We found Ruellia villosa in a beautiful stretch of semi-deciduous forest in the vicinity of Piatã, en route to a series of mines. Sometimes, it’s the agencies that we think of as being the most destructive (mines, energy developments, military outposts) that actually preserve the best habitat, and this was certainly the case here.
Ruellia villosa is a small herb to ca. 1m that is decumbent and fond of growing on top of other plants (that doesn’t sound so bad, does it?). It is a bit on the dainty/feeble side, if I may. We found plants scrambling among the steepest slopes, in the rocks and clay, like so many of the others in the genus.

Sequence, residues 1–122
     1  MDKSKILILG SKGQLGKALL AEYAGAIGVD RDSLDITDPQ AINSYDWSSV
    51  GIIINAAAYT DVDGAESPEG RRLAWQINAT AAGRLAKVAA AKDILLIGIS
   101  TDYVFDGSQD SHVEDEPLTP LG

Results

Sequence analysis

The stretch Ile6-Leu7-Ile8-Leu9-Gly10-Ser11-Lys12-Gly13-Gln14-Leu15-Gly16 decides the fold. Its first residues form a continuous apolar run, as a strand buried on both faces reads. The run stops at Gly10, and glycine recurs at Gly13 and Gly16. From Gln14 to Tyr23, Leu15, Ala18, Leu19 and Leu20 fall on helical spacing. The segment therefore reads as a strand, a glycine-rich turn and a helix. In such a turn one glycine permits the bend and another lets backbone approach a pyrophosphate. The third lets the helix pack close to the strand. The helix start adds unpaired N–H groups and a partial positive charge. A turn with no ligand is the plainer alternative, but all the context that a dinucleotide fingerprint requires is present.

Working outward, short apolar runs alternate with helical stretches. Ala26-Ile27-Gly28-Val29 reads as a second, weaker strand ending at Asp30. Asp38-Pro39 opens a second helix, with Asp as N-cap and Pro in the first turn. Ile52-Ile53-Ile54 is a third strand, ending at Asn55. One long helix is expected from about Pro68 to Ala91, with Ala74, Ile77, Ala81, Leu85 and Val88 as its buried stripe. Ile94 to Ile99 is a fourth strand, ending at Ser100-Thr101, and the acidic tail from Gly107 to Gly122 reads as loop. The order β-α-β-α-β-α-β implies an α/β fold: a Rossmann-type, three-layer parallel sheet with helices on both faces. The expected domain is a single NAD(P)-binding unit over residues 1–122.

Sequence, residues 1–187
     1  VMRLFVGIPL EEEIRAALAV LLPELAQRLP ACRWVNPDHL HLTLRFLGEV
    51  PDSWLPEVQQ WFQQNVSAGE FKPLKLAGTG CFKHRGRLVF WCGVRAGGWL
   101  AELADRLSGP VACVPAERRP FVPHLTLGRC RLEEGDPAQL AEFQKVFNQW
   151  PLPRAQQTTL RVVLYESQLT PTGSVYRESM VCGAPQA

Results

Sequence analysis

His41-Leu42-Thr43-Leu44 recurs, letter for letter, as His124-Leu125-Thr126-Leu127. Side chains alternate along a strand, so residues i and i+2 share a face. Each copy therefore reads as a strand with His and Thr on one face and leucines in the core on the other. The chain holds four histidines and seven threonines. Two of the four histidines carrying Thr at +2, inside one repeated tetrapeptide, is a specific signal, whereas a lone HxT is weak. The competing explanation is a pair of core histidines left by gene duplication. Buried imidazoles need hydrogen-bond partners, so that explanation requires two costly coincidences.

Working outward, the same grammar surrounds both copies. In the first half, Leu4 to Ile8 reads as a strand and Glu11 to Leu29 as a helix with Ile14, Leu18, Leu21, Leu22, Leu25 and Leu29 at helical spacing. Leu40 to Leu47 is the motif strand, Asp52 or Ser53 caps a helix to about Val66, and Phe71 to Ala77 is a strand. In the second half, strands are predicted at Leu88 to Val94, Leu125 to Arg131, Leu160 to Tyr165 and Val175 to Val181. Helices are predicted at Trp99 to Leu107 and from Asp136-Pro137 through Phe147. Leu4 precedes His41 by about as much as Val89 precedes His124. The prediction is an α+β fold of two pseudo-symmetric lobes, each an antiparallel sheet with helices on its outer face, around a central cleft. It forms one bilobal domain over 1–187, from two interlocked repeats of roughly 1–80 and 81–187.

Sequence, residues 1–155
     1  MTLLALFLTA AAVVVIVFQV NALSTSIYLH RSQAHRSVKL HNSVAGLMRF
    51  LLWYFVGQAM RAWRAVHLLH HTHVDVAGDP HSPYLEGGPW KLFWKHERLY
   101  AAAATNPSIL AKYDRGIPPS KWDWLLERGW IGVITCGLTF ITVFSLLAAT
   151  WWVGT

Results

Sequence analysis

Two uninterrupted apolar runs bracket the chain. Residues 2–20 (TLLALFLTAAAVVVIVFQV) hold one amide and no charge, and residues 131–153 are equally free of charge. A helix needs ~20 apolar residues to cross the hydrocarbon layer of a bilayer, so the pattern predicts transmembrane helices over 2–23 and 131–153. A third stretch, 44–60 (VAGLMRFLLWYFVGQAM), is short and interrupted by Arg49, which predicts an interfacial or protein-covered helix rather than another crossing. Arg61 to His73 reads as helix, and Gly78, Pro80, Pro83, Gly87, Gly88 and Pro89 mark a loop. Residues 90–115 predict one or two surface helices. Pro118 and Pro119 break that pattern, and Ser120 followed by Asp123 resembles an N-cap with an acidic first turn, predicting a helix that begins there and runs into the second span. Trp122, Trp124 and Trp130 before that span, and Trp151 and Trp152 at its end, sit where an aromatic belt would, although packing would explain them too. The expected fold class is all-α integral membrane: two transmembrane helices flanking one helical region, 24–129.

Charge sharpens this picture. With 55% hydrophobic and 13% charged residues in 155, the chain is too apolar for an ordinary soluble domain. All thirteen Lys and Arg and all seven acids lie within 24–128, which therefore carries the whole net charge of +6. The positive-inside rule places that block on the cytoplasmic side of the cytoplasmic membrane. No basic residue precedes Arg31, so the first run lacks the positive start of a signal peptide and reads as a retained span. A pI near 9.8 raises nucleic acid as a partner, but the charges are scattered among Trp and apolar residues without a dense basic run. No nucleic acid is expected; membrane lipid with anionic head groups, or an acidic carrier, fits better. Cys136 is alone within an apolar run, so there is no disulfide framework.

Ruellia villosa is slightly perplexing phylogenetically. It is likely sister to the lowland Amazonian Ruellia glischrocalyx (a species actively avoiding me in the field), and together, there is some evidence that these two may be sister to a large clade that contains both Brazilian and Mexican species of cerrado/savanna habitat (see Tripp & McDade 2014, Aliso).
Wild collected, Brazil, Erin Tripp #5915 w/ Nico Medina, Cíntia Kameyama (COLO); Photos by Erin Tripp